Every day when you log online, you enter the world wide web: A place where most of Africa has disappeared and China has eclipsed Russia as the country with the world’s largest land mass.
At least that’s what the world looks like according to a new map published by the Oxford Internet Institute, which has enlarged and minimized countries according to their internet population.
In May, it was pointed out on USENET newsgroups that 50 percent of the world’s population was in a very concentrated circle in Asia. This continent is by far the biggest market in the world. Now, with Oxford’s latest maps, it’s also the world’s biggest internet market as well, by a stretch.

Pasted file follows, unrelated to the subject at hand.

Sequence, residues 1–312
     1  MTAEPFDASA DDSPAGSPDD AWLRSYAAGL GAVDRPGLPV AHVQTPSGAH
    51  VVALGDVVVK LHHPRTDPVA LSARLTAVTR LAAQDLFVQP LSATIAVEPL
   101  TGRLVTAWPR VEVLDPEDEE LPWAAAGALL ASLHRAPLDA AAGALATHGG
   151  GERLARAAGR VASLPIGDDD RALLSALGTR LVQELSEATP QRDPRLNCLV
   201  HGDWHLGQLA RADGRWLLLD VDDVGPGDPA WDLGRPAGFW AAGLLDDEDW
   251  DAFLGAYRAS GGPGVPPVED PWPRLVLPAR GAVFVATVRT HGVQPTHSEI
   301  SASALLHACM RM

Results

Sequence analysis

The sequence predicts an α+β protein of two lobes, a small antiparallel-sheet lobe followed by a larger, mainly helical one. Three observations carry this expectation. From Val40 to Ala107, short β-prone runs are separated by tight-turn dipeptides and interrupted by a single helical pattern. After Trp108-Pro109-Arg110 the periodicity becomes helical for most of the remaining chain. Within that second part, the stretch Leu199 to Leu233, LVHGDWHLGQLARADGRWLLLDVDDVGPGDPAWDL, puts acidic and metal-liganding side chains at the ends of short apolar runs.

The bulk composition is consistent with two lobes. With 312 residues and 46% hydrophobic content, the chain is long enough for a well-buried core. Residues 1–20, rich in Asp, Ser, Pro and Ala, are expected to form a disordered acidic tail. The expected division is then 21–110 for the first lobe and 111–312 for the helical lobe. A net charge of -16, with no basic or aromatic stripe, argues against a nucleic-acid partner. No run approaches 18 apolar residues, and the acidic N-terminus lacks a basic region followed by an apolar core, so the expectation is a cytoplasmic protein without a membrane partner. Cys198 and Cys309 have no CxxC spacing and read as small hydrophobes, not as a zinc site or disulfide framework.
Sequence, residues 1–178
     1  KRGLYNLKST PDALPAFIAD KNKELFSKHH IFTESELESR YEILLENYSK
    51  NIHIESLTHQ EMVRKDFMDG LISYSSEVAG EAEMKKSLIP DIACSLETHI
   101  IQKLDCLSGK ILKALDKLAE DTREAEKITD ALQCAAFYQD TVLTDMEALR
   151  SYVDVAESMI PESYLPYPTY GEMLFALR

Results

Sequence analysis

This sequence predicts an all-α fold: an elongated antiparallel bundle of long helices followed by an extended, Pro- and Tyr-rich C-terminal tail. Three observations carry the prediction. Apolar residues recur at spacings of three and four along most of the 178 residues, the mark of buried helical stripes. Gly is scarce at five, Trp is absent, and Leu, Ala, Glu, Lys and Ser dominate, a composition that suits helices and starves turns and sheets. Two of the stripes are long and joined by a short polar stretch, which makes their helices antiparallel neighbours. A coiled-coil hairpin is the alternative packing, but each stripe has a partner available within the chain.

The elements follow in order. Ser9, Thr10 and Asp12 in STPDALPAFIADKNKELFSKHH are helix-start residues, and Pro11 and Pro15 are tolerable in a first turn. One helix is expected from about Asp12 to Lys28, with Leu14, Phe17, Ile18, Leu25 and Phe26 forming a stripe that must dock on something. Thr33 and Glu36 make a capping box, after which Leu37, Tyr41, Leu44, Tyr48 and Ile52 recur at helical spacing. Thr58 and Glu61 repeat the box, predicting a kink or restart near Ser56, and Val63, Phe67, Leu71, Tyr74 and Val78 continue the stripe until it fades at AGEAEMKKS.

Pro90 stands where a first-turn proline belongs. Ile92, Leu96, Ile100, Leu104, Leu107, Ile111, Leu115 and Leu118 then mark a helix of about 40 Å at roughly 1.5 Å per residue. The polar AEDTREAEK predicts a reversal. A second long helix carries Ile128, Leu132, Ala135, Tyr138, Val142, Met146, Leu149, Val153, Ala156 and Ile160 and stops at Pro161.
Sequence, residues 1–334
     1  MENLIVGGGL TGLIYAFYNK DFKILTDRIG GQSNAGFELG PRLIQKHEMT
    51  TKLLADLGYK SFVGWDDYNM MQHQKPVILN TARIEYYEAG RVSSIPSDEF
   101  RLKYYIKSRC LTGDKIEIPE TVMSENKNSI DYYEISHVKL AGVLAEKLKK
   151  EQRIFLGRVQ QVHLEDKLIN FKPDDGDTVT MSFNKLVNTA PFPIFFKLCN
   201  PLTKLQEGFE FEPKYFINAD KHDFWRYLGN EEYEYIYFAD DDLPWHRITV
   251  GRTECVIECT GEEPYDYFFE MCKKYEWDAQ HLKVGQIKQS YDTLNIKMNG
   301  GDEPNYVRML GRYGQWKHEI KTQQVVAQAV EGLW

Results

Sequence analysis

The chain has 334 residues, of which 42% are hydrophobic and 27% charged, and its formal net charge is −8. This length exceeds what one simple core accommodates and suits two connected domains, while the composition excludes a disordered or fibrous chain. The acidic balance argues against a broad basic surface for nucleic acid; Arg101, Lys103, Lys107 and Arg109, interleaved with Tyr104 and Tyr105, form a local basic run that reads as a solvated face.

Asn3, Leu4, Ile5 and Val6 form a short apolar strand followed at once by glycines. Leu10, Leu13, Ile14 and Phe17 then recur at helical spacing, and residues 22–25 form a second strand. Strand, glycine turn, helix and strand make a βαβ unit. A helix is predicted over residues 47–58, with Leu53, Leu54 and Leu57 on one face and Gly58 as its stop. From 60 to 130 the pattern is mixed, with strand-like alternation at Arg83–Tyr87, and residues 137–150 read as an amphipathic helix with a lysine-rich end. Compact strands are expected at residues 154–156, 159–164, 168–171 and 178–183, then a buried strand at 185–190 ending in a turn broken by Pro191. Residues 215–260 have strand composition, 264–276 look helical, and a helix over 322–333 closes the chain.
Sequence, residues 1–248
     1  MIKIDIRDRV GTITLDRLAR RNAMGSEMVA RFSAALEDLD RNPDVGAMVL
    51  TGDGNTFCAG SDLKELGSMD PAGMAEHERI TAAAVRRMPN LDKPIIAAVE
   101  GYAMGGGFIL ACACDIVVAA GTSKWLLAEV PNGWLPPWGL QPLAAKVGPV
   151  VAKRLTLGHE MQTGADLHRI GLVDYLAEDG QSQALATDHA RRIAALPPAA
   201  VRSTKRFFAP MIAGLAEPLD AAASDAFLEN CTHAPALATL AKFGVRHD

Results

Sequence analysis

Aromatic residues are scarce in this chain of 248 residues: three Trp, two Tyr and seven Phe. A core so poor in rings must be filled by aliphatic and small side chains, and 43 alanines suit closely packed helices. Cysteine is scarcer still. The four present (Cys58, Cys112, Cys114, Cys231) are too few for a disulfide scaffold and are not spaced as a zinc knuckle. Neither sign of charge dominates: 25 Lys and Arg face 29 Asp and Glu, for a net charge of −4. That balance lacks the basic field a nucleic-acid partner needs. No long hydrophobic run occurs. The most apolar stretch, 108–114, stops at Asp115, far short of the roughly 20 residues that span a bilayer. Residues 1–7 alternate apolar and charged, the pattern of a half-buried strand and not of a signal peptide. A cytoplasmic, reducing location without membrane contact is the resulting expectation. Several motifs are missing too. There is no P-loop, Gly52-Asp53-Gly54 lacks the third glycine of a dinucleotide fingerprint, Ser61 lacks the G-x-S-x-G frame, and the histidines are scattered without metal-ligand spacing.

Taking 2011 data on both a country’s internet users and total population from the World Bank, this map actually presents us with two different bits of knowledge. The countries themselves are scaled up and down, depending on how much of the total internet population they’re contain. The color of the countries, however, remains insular—the darker the red, the higher the percentage of that country’s population that’s online.
So in places like China, which boasts a huge number of internet users mostly due to the fact that it has a massive population in general, the percentage of citizens actually on the internet is way lower than some European countries. One thing this map doesn’t show us, however, is how quickly these countries are growing.